McDaniel recognises that, among the armies of single men who poured through the soggy grey town, some could harbour memories different from his own. Most workers — including present premier John Horgan — passing through stayed in Ocean Falls just long enough to get up a grubstake: enough for a mortgage, a car for the future, or whatever, but not a moment longer:
Of all the locations of paper mills on the coast of B.C., Ocean Falls was probably the least desirable. There were no roads in or out. The noisy and foul-smelling mill was separated from the town by a 200-foot river clogged with debris and effluent. It was surrounded by mountains that blocked the sun and captured the rain…
Yet those who accepted the company’s welcome, put down roots in Ocean Falls, and made it home, found it had a lot to offer. Well, maybe not a lot, but what it did offer was interesting and welcoming for people who went there to raise a family: good paying and secure jobs (until the bottom fell out in the 1970s) in a safe and friendly town where the spectacular nature of the B.C. coast started at their doorsteps. And opportunities to excel at sports.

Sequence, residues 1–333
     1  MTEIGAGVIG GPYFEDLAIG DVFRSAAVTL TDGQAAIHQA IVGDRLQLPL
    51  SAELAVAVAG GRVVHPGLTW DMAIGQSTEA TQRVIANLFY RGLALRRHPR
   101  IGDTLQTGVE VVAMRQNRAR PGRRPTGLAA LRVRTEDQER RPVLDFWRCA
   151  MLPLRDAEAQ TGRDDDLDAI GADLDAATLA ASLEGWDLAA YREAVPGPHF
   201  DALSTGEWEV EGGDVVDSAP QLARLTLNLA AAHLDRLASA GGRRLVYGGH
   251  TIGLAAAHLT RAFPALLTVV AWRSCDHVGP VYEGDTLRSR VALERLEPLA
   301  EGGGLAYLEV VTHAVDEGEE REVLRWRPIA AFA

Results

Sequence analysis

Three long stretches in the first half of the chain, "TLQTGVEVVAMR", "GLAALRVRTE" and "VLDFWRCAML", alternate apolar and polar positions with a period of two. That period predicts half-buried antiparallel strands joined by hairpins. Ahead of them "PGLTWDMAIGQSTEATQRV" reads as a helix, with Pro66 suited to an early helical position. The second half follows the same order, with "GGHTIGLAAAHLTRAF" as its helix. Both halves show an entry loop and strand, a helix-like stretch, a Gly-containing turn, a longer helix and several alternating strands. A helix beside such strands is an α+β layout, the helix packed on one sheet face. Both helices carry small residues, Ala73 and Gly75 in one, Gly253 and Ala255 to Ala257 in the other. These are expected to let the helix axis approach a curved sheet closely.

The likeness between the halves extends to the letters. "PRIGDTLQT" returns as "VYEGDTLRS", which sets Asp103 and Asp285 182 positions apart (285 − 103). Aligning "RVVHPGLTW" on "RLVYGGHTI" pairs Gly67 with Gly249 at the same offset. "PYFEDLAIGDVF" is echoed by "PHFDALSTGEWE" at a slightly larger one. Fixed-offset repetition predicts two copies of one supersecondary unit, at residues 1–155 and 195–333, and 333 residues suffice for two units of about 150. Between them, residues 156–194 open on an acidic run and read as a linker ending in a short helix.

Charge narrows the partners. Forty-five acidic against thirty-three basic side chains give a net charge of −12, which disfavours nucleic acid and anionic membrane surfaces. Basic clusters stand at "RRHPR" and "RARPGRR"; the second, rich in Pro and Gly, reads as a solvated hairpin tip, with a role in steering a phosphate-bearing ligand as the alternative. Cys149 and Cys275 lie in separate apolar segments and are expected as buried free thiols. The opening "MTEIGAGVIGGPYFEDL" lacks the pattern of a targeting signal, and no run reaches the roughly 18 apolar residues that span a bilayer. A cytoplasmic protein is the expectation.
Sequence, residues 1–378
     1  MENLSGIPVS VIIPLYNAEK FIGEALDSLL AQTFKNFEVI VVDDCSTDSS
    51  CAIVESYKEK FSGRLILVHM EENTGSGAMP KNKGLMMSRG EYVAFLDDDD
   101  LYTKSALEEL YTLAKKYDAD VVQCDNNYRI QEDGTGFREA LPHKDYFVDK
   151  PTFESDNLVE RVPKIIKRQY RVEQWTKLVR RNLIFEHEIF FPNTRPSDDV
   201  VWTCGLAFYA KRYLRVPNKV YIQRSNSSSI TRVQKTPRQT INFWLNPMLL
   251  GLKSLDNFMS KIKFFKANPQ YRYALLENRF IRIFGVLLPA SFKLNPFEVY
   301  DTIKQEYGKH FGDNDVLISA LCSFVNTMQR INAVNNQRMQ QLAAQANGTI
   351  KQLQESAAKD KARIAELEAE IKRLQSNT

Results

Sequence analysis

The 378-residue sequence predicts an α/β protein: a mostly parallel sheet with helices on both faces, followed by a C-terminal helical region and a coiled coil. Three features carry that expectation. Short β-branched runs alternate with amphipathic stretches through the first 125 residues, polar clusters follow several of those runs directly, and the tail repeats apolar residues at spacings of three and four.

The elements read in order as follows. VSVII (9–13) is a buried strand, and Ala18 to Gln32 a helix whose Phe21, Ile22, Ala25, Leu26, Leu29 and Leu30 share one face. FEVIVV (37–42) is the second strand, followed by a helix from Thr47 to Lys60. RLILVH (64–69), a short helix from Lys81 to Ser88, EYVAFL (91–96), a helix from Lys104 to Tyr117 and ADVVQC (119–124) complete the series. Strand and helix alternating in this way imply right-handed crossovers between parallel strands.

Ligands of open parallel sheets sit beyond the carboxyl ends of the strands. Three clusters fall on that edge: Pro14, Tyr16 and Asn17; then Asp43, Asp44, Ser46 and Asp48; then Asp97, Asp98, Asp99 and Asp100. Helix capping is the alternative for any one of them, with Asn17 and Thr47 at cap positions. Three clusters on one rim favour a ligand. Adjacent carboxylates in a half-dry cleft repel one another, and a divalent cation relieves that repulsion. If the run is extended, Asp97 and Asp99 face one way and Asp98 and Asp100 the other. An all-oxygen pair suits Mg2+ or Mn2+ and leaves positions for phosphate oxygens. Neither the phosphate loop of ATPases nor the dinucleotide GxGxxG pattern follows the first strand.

Like many from my demographic, I expect, I remember Ocean Falls as a town that was hard to find on the map, even before it was deliberately destroyed. Yet somehow, it kept sending us spectacular swimmers. One of these swimmers himself, McDaniel explains that the town was very conducive to fitness in general, and organised sports like swimming in particular. The town had no cars and many stairs, the company provided first class sports facilities, and the coaching was excellent. Things like television and cars that might distract kids in other places came much later to Ocean Falls, or not at all. One result was that this tiny town in the middle of nowhere sent athletes, mostly swimmers, to every Olympic Games from 1948 until 1972.